(Bloomberg) -- At least two dozen traders and fund managers charged in the crackdown on insider trading avoided prison by helping the U.S. build cases against former colleagues. Not so for Richard Choo-Beng Lee, who turned to his lawyer in shock on Wednesday as a judge sent him to jail for three weeks.
The former analyst at SAC Capital Advisors LP provided crucial evidence as the government built a case against the fund founded by Steven A. Cohen, going so far as to secretly record phone calls with his ex-boss. Even after prosecutors called Lee’s assistance “extraordinary,” U.S. District Judge P. Kevin Castel sent Lee to prison and ordered him to pay a $100,000 fine.
"I have discretion,” said Castel, who was sentencing his first cooperator in the probe. “There is a lot of good in this person but the undeniable facts are he engaged in a criminal offense. This is a crime, a crime for which people go to jail.”
The sentencing marked the unofficial finale to the seven- year insider trading probe that led to more than 80 convictions, the jailing of billionaire fund founder Raj Rajaratnam and Goldman Sachs Group Inc. director Rajat Gupta, an aggressive investigation of SAC Capital, and an appellate court ruling that made it harder for the government to prosecute corrupt traders. Lee was one of the last cooperators to be sentenced.
“Your honor, I ask you to reconsider,” Lee’s lawyer, Jeffrey Bornstein, said in court. He noted that Lee’s partner at another hedge fund -- who also pleaded guilty and aided the government -- had earlier been sentenced to probation by another judge. ‘‘Mr. Lee is being treated more harshly than his partner” or “any other cooperator that has come before this district in this investigation.”
Lee pleaded guilty in October 2009 and then provided what prosecutors said was “substantial assistance” in sometimes overlapping insider investigations. Prosecutors said he provided crucial evidence against SAC, detailing how the firm encouraged traders to gain an “edge” by using inside tips while maintaining a culture of “institutional indifference” to unlawful conduct. Prosecutors asked that Lee’s sentence reflect his assistance.
Lee made secret recordings of telephone calls to Cohen on the pretext of wanting to return to the fund, Assistant U.S. Attorney Arlo Devlin-Brown said in court papers. During those calls, Lee provided “trading ideas based on inside information to the portfolio manager to whom he reported and the SAC owner,” Devlin-Brown said.
Cohen wasn’t charged with wrongdoing. Jonathan Gasthalter, an outside spokesman for Cohen’s firm, declined to comment on Lee’s sentence. SAC pleaded guilty in November 2013 and agreed to pay $1.8 billion and close its investment advisory business. It changed its name to Point72 Asset Management LP.
The U.S. relied heavily on cooperators, who recorded colleagues, directed federal agents to corrupt firms and took the witness stand for prosecutors. Among those who avoided prison after helping the government were Ali Far, Lee’s former partner; David Slaine, an ex-Morgan Stanley managing director and former partner at Rajaratnam’s Galleon Group LLC; and Karl Motey, who spent four years assisting in a probe of firms that advise hedge funds.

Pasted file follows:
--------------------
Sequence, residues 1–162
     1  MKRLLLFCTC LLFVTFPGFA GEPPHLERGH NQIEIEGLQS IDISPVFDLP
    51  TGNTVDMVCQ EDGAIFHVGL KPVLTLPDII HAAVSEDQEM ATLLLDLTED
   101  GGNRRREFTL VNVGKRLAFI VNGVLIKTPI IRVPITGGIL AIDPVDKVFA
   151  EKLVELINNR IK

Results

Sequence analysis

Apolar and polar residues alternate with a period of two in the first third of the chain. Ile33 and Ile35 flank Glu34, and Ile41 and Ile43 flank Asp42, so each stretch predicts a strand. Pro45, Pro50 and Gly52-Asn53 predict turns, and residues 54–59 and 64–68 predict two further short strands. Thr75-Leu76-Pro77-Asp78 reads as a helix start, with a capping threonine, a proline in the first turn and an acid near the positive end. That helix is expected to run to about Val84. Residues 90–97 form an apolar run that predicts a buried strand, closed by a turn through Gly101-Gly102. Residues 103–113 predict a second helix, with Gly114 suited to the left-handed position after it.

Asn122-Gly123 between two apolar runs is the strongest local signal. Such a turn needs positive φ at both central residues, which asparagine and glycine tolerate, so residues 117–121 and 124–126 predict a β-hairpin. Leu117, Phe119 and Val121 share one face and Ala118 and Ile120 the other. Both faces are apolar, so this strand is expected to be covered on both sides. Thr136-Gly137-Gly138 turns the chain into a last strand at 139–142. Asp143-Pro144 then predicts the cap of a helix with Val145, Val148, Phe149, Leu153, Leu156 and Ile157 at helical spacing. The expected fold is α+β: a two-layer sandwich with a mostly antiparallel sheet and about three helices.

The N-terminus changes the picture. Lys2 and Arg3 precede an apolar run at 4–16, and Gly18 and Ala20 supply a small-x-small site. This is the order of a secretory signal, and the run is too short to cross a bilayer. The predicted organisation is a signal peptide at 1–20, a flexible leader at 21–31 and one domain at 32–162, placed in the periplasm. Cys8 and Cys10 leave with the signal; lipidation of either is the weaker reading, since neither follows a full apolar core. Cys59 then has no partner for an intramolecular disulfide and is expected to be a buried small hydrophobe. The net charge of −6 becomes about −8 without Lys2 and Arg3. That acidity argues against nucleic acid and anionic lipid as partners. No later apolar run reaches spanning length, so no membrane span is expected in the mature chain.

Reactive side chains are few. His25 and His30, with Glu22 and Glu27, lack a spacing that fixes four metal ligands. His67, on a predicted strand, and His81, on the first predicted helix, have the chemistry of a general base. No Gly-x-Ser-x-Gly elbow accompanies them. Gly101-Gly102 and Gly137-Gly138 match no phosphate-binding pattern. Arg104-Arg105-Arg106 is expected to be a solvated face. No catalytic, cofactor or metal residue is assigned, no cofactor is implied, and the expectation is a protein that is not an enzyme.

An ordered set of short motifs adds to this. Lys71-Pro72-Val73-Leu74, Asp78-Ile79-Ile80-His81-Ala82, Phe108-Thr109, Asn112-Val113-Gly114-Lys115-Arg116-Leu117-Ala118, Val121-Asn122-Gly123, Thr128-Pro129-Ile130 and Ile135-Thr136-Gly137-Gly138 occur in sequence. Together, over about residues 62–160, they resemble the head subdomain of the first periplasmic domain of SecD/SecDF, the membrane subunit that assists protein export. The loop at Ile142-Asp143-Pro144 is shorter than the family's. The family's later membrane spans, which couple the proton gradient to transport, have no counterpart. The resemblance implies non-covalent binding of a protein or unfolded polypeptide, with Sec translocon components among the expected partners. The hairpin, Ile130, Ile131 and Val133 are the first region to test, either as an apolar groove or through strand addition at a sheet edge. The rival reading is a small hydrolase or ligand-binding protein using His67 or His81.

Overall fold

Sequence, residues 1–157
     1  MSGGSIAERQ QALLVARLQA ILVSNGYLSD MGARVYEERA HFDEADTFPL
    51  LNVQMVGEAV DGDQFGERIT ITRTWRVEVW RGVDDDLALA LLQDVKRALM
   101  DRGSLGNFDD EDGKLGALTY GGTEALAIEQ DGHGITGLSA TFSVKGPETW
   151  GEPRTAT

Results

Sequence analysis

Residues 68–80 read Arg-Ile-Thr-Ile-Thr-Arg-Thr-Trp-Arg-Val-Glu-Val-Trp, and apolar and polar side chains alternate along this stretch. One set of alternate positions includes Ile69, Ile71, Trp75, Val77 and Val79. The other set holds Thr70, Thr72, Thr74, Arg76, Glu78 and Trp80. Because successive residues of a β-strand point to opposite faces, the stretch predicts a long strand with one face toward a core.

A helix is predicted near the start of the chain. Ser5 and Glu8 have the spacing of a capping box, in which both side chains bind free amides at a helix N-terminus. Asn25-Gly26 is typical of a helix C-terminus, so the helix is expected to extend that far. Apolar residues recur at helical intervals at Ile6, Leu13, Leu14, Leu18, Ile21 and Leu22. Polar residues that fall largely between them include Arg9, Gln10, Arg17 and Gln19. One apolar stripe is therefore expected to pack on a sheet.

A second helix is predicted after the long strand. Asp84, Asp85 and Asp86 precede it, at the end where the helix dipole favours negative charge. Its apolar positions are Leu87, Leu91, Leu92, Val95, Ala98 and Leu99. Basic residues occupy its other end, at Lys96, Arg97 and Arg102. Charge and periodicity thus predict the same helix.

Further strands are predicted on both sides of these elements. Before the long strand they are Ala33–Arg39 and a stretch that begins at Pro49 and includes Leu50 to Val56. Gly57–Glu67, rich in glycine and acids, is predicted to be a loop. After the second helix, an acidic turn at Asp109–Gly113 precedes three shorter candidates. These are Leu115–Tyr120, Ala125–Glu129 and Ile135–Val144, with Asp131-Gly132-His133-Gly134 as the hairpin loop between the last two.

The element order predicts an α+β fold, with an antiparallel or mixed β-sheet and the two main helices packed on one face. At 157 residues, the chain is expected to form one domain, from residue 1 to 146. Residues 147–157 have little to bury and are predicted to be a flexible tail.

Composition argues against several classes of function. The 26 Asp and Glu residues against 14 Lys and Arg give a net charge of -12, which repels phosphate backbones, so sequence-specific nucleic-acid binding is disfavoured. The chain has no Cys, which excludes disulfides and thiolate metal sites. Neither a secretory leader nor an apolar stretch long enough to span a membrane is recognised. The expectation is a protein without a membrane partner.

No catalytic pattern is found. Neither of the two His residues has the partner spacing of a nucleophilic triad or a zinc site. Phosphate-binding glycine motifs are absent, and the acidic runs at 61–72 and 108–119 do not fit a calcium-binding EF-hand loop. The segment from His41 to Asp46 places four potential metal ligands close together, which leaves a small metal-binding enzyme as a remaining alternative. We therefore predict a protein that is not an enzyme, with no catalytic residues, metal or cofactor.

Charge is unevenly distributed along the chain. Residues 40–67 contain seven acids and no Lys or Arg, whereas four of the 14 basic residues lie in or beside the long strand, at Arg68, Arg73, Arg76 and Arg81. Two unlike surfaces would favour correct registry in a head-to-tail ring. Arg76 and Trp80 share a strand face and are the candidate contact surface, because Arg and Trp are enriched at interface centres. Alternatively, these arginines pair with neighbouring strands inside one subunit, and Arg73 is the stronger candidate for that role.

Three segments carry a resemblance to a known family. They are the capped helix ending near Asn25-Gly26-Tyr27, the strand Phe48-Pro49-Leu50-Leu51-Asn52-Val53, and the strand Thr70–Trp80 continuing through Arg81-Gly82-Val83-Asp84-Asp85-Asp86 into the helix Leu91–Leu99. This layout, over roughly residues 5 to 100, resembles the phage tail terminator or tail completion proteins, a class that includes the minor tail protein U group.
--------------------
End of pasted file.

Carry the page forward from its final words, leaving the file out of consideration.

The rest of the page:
Another cooperator, Roomy Khan, who admitting passing illegal tips to Rajaratnam, was sentenced to a year in prison, but it was her second conviction for insider trading.
Lee, who was born in Malaysia and is a naturalized U.S. citizen, earned a bachelor’s degree in electrical engineering from Duke University, according to his lawyer. He worked as a semiconductor engineer in Silicon Valley and then became a technology industry analyst at Needham & Co., where he met Rajaratnam, his lawyer said. Lee worked as a technology analyst at SAC from 1999 to 2004.
In addition to helping the U.S. win convictions of more than a dozen people tied to Galleon, he also provided information about so-called expert networking firms like Primary Global Research LLC, his lawyer and prosecutors said. In that probe, which looked into businesses that sold fund managers access to company insiders for a fee, another dozen people were convicted.
Working at the direction of prosecutors, Lee made at least 170 recorded phone calls with 28 different people, Bornstein said.
“I am thoroughly ashamed of what I have done,” Lee told Castel. “It has been truly a black period in my life. Again I am sorry.”
In court on Wednesday, a sentencing that started out as routine turned dramatic once Castel said a 21-day sentence was warranted.
“It is completely unjust,” Bornstein said. “I mean no disrespect but he should be treated the same as all the other people who cooperated."
The judge appeared to bristle at Bornstein’s comments, saying, "There is a very serious and compelling argument in this case that probation doesn’t fit," he said. A stint in prison "sends the message that the activities are crimes but also sends the message that cooperation is greatly valued."
Devlin-Brown took no position on Lee’s sentencing, saying the judge “has substantial discretion." Bornstein told Castel he planned to appeal before Lee surrenders to prison in San Jose, California, on March 1.
While the government continues to bring insider-trading cases, almost all of those growing out of investigations known as “Perfect Hedge” and “Matchmaker” have to come to an end. Bharara and the Federal Bureau of Investigation have won more than 80 convictions so far after some reversals and dismissals.